Which tax bracket do you fall in to make your CPF RSTU worth it? - Seedly

CPF

Retirement

Asked by Anonymous

Asked 3w ago

Which tax bracket do you fall in to make your CPF RSTU worth it?

Fresh grad @ 25 y/o. With my monthly on 3.5k gross, should I opt for CPF voluntary top up just to save that 7k tax on 3.5% bracket (~$245)?

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If it's me, I won't. CPF top up is one-way.

Holding the cash currently has many benefits for you at your age group.

You may need cash later on for higher returns, or life events, and you can't plead with CPF board to return your cash. You are so young that it is almost certain you will have better use for cash in a few years time (or shorter).

Some examples of a potential higher returns:

1) recession, stocks at cheap price compare to valuation

2) opportunistic event to snap some assets at a bargain price (such as stock options in your company, cheap property take over, assets at auctions)

3) IPO of certain favourable stocks

Life events that will certainly need cash:

1) marriage

2) first property

3) emergencies (both bad and good types)

4) business start-ups.

Your tax liabilities are also quite low, wait till it reaches a much higher bracket the savings are more reasonable for locking up funds.

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Personally, RSTU for me is more about the 4% p.a. benefit that you receive from compounding when you contribute while still young. The 3.5% tax bracket is still considered low, although the tax savings will be helpful. Consider instead to open an SRS account first to lock in your withdrawal age as it will be raised to 63 in a few years time. When your income tax starts to hit the 7% tax bracket, you will find SRS and RSTU more 'helpful', that was the case for me.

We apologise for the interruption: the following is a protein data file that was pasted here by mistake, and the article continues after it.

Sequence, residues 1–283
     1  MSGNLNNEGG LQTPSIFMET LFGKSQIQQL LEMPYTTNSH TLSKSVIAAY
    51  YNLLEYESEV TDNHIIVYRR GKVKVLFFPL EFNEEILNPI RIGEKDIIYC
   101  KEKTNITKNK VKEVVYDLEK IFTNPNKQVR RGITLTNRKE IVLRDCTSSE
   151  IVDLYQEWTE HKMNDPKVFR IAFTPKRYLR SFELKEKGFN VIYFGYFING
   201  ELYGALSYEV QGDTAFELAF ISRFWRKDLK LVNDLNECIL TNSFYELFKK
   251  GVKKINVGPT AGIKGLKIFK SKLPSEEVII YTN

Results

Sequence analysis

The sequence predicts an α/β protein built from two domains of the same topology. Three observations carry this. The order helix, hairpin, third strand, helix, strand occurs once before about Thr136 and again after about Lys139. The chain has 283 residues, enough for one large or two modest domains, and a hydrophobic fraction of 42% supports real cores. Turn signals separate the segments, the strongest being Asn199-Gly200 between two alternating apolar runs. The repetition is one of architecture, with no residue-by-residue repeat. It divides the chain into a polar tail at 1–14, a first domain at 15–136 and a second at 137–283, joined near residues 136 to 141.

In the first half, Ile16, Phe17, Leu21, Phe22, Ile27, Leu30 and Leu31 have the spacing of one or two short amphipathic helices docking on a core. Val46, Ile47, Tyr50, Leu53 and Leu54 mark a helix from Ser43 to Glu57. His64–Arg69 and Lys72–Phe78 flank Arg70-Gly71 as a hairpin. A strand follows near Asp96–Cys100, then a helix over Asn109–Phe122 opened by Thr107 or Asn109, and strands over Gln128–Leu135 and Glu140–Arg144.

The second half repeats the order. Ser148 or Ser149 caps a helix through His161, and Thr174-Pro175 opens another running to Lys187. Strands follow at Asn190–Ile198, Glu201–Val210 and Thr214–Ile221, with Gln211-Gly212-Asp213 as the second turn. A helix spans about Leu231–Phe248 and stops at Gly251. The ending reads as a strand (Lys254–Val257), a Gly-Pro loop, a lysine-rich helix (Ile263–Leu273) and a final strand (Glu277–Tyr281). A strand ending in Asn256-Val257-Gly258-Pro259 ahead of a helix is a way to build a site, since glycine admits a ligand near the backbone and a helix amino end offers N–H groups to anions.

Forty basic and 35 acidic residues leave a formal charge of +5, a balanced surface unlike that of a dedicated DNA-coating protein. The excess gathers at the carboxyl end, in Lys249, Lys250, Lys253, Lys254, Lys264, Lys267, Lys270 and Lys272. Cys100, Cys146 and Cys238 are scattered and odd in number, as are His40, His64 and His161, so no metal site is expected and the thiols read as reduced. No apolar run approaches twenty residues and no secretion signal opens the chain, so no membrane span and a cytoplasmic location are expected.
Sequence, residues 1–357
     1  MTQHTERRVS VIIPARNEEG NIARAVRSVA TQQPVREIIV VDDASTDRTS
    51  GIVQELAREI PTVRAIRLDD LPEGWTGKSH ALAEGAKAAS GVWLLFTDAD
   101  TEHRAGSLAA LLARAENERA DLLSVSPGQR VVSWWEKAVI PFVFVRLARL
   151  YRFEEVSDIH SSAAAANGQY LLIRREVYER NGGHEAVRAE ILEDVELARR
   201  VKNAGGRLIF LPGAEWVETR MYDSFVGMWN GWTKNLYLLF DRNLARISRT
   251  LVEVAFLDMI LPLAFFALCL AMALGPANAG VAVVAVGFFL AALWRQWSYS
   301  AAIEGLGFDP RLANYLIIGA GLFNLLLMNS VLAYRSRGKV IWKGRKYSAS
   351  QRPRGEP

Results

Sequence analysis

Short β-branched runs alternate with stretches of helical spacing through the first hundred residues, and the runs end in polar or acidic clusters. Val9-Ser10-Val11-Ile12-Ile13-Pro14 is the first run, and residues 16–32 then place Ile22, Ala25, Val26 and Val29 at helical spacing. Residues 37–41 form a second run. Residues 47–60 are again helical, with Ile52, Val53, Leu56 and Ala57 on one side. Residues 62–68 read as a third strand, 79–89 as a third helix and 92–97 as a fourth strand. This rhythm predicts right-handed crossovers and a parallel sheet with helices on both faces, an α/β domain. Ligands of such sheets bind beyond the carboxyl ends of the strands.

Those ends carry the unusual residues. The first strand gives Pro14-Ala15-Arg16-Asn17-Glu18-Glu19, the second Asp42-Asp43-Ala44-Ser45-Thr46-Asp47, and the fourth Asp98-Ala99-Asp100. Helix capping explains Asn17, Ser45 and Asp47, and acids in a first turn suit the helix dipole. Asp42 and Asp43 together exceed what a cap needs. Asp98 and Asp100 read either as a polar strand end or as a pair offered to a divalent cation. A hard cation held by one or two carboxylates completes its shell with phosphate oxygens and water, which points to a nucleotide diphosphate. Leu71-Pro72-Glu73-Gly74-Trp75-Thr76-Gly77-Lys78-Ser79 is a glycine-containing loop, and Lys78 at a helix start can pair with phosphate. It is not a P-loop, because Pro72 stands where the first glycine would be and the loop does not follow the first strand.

The downside of course, is that RSTU is pretty much one way.

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Personally I wouldn't do that. I would use the money to build up an emergency fund worth of either 1 year's expenses or 1 year's worth of income and also a war chest for investment. You should weigh your opportunity cost. Not saying that RSTU is not a good idea, but looking at your current age I believe if I were you I will do what I mentioned above. Saving of 3.5% in the tax bracket is minimal. You can get investments paying about 4-5% currently in this market.

Keeping some funds liquid during early in your career is a good idea also because you are looking at upcoming expenses such as

  1. marriage

  2. renovation

  3. children

  4. housing

All these will eat into your savings and when you have your funds locked in, you might not be able to manoeuvre it when you need it.

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Fergus Tan
Fergus Tan

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Level 3. Wonderkid
Answered 2w ago

As a short answer, no. The 2 common tax relief product would be SRS and CPF RSTU. If you are below the 7% bracket, then it makes more sense to keep cash.

If you are above the 7% bracket, then putting to SRS is a good thing to consider.

If you have maxed out your SRS contribution for the year, then you can consider CPF RSTU.

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Takingstock @
Takingstock @

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Level 5. Genius
Answered 3w ago

Same as Cedric, Vincent and Elijah.

Thought about this before, and I think even at 7% tax bracket, it might not be that good of an idea, the reason being it would be better to hold for marriage and/or downpayment.

I do think at 11.5% tax bracket, you can consider RSTU or SRS, but only a bit. At 15%, I think you should try to max out the reliefs if your cash flow can afford it.

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In order for tax bracket to be worth it, you have to be above 11.5%.

MY simple calculation is this. 11.5% Present Value is worth 22% after 18 years. IF you know what I mean.

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